Historic look at the Earl Grey Pass trail at Windermere Valley Museum

Exhibit on now until the end of September

The Windermere Valley Museum is hosting a traveling exhibit about the Earl Grey Pass Trail, on display now until the end of the month.

The exhibit showcases the history of the trail, from its long-time use by Indigenous peoples, right up to more recent work done to restore sections of the 61-kilometre hike that extends from Toby Creek to Earl Grey Pass, down to Hamill Creek near Argenta then on to the north eastern end of Kootenay Lake.

The display was put together by Elisabeth Scarlett, an archivist at the Kootenay Lake Archives in Kaslo.

“We had received information from a historian from the University of Victoria, Jenny Clayton, who had written for her doctoral thesis about the formation of the Purcell Wilderness Conservancy,” said Ms. Scarlett. “Jenny had done quite a bit of research on the history of the area… so we used that as a basis.”

The West Kootenay archivist also wanted to include early uses of the trail, focusing on the importance of the route to the Ktunaxa and Shuswap people.

The exhibit includes some interesting historical photos, such as one of a glacier in the wilderness area, photographed in 1909 then again in 2015 to show its recession. They even have a description of the trail from an explorer back in 1866, when it was referred to as the Kinbasket Trail.

Ms. Scarlett said collecting and presenting the material, which took about four months, helped her to appreciate the valuable area even more.

“The Earl Gray trail gives you access to this wilderness area,” she shared. “It’s hard work, but you can appreciate it … It’s good that this is being preserved because we can all benefit from it. We benefit from being able to see it and appreciate it. And animals benefit from it; it allows them a place they can live undisturbed.”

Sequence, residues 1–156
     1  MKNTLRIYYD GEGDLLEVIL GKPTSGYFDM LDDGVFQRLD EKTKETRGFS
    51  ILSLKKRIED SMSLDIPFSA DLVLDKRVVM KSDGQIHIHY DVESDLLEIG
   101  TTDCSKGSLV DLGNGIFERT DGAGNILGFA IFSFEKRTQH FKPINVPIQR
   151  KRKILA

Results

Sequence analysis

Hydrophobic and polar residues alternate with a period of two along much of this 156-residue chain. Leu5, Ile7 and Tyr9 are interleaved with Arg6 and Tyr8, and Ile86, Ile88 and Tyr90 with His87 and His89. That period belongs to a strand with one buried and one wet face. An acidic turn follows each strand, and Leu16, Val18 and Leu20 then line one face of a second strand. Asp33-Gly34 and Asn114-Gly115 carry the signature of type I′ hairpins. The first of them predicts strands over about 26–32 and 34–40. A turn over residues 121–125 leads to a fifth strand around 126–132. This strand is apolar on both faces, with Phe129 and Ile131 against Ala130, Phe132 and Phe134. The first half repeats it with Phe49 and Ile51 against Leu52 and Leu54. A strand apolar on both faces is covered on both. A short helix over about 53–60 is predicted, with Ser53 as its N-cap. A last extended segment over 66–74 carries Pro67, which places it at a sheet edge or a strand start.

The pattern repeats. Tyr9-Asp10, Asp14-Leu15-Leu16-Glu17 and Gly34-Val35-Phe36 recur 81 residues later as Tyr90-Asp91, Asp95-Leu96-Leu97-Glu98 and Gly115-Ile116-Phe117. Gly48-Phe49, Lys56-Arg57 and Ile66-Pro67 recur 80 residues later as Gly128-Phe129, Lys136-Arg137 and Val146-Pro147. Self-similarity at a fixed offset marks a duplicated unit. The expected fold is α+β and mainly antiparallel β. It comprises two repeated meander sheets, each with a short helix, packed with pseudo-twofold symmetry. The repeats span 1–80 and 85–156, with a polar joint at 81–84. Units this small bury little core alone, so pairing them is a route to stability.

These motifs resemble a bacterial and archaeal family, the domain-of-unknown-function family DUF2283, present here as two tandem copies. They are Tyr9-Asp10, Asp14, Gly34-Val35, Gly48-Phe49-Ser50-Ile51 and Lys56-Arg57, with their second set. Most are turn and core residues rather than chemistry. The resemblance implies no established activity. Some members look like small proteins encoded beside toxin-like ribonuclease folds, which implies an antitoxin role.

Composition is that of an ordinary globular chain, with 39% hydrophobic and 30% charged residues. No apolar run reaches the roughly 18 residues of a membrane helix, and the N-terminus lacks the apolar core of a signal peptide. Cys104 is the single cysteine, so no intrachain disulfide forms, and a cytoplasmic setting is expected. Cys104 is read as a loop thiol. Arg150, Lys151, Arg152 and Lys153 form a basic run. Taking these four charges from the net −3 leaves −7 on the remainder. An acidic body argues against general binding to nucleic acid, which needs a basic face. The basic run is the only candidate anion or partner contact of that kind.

While the trail is named after Earl Grey, a governor general to Canada back in the 1900’s, the trail was around long before he came upon it in 1908.

“He went from Argenta to Invermere,” shared Ms. Scarlett. “He was so impressed that he wrote to the premier of B.C. and said this should be a national park.”

The following year, Mr. Grey brought his family back and had a cabin built at Toby Creek, about 40 kilometres southwest of Invermere.

As part of a Canada 150 celebration, restoration work on the trail was done through Kaslo and District Community Forest volunteers. That inspired the museum staff to put together a display commemorating the trail.

The Earl Grey Trail exhibit started in March and April in Kaslo then spent July and August in Meadow Creek. Following Invermere, the exhibit makes its way to Kimberley for March, 2018 then will permanently reside in Meadow Creek.

To see the exhibit, visit the Windermere Valley Museum Monday to Friday, 10 a.m. to 4 p.m.

Just Posted

Invermere gets new CAO

Invermere found his new CAO after a long period of research.

Radium council discusses short term rentals

RHS council are elaborating the second draft plan for STR

Beautification process begins in Canal Flats downtown

Canal Flats wants to improve the esthetic of the town

More consultation on LWRL to come this fall

Invermere council meeting discussed about the Athlamer neighbourhood plan

Local advocates for CBT climate change priority

Tracy Flynn ask the local government for action on climate change

Quirky Canadian comedy ‘Schitt’s Creek’ takes Emmys by storm with comedy sweep

Toronto-raised Daniel Levy and Ottawa-born Annie Murphy both got supporting actor nods

B.C.’s Chase Claypool catches first NFL touchdown pass

Abbotsford grad establishes new record for longest scrimmage TD by a Canadian

B.C. has highest number of active COVID-19 cases per capita, federal data shows

B.C. currently has 1,803 active cases after weeks of COVID-19 spikes in the province

Is it time to start thinking about greener ways to package cannabis?

Packaging suppliers are still figuring eco-friendly and affordable packaging options that fit the mandates of Cannabis Regulations

181 days gone: Family continues to look for man last seen in RCMP custody 6 months ago

Brandon Sakebow’s last known location was leaving Mission RCMP cell, police say; family has doubts

B.C. unveils new cannabis sales programs to help small, Indigenous growers

Government did not say how it will define small producers, but says nurseries will be included in the policy

B.C. transportation minister will not seek re-election

Claire Trevena has held the position since 2017

Most Read